Friday, April 26, 2013

On spinning rust and SSD's.

I got my Crucial M4 512GB SSD back for my laptop. It failed about three weeks ago, when I turned on my laptop it simply wasn't there. Complete binary failure mode -- it worked, then it didn't work. So I took it out of the laptop, verified in an external USB enclosure that it didn't "spin up" there either, installed a 750Gb WD Black 7200 rpm rust-spinner that was in my junk box for some project or another, and re-installed Windows and restored my backups. Annoying, but not fatal by any means. I've had to get used to the slow speed of spinning rust again versus the blazingly fast SSD, but at least I'm up and running. So this weekend I get to make another full backup, then swap out the rust for the SSD again.

At work I've had to replace several of the WD 2TB Enterprise drives in the new Linux-based infrastructure when smartd started whining about uncorrectable read errors. When StorStac got notification of that sort of thing it re-wrote the sector from the RAID checksums and that usually resolved it. The Linux 3.8 kernel's md RAID6 layer apparently doesn't do that, requiring me to kick the drive out of the md, slide in a replacement, fire off a rebuild, and then haul the drive over to my desktop and slide it in there and run a blank-out (write zeroes to the entire drive). Sometimes that resolves the issue, sometimes the drive really *is* toast, but at least it was an analog error (just one or two bad places on the drive), not a complete binary error (the entire drive just going blammo).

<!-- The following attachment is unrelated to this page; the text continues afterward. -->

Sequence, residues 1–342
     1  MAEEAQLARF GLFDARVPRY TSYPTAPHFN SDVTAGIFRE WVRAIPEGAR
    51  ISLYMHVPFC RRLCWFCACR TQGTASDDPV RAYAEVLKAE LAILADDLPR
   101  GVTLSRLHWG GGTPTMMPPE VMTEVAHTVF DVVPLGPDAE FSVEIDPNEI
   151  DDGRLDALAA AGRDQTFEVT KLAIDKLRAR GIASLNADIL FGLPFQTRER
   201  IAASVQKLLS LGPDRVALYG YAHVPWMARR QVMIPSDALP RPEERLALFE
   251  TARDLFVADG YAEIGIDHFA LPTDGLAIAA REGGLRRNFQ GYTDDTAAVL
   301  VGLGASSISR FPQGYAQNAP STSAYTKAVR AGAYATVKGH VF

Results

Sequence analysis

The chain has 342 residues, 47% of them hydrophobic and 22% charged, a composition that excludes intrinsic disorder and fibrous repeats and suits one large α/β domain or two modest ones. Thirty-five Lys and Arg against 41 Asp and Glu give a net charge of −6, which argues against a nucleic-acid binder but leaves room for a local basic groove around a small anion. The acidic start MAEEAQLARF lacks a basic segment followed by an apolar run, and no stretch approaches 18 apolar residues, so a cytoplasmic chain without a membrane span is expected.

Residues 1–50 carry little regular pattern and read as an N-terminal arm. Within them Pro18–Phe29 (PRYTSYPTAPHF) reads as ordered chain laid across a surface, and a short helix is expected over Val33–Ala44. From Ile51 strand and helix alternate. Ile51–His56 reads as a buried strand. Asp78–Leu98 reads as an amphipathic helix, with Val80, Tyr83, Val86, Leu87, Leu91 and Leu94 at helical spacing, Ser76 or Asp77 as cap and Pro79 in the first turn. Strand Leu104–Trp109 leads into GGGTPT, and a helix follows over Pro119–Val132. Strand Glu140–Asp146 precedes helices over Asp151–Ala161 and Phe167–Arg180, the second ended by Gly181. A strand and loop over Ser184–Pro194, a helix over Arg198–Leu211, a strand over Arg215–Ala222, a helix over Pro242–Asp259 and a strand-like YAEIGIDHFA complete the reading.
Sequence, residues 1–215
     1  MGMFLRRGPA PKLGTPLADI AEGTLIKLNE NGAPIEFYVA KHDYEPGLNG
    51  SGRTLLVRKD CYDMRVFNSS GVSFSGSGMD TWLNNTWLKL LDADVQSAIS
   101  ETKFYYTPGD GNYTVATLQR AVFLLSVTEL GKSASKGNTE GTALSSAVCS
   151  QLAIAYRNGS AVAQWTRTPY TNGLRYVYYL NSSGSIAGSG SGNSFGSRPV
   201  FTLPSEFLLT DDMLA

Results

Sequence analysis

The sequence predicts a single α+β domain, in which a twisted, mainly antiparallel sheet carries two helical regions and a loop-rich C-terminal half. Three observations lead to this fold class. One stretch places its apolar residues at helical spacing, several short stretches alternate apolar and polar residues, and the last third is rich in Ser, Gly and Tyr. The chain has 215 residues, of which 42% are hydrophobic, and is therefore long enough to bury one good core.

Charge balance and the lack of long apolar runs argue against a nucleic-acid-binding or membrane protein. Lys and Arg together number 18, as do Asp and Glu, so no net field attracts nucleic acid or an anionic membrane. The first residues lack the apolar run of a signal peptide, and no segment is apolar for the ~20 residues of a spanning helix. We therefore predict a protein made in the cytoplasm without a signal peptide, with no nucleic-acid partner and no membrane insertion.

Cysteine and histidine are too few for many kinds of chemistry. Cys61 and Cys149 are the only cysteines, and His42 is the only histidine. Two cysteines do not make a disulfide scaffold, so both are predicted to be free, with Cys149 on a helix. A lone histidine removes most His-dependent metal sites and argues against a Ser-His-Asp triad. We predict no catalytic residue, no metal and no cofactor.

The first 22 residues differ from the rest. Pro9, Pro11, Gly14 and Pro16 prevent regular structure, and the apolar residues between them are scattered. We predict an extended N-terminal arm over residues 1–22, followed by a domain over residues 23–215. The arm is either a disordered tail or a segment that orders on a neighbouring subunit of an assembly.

SSD's are the future. The new COW filesystems such as ZFS and BTRFS really don't do too well on spinning rust, because by their very nature they fragment badly over time. That doesn't matter on SSD's, it does matter with rust-spinners, for obvious reasons. With ZFS you can still get decent performance on rust if you use a second-level SSD cache, that's how I do my backup system here at home (which is an external USB3 hard drive and an internal SSD in my server), BTRFS has no such mechanism at present but to a certain extent compensates by having a (manual) de-fragmentation process that can be run from time to time during "off" hours. Still, both filesystems clearly prefer SSD to rotational storage. It's just the nature of the beast. And those filesystems have sufficient advantages in terms of functionality and reliability (except in virtualized environments as virtual machine filesystems -- but more on that later) that if your application can afford SSD's, that alone may be the tipping point that makes you go to SSD-based storage rather than rotational storage.

Still, it's clear to me that, at this time, SSD is still an immature technology subject to catastrophic failure with no warning. Rotational storage usually gives you warning, you start getting SMART notifications about sectors that cannot be read, about sectors being relocated, and so forth. So when designing an architecture for reliability, it is unwise to have an SSD be a single point of failure, as is often done for ESXi servers that lack hardware RAID cards supported by ESXi. It might *seem* that SSD is more reliable than rotational storage. And on paper, that may even be true. But the reality is that because the nature of the failures is different, in *reality* rotational storage gives you a much better chance of detecting and recovering from a failing drive than SSD's do. That may, or may not be important for your application -- in RAID it clearly isn't a big deal, since you'll be replacing the drive and rebuilding a new drive anyhow -- but for things like an ESXi boot drive it's something you should consider.


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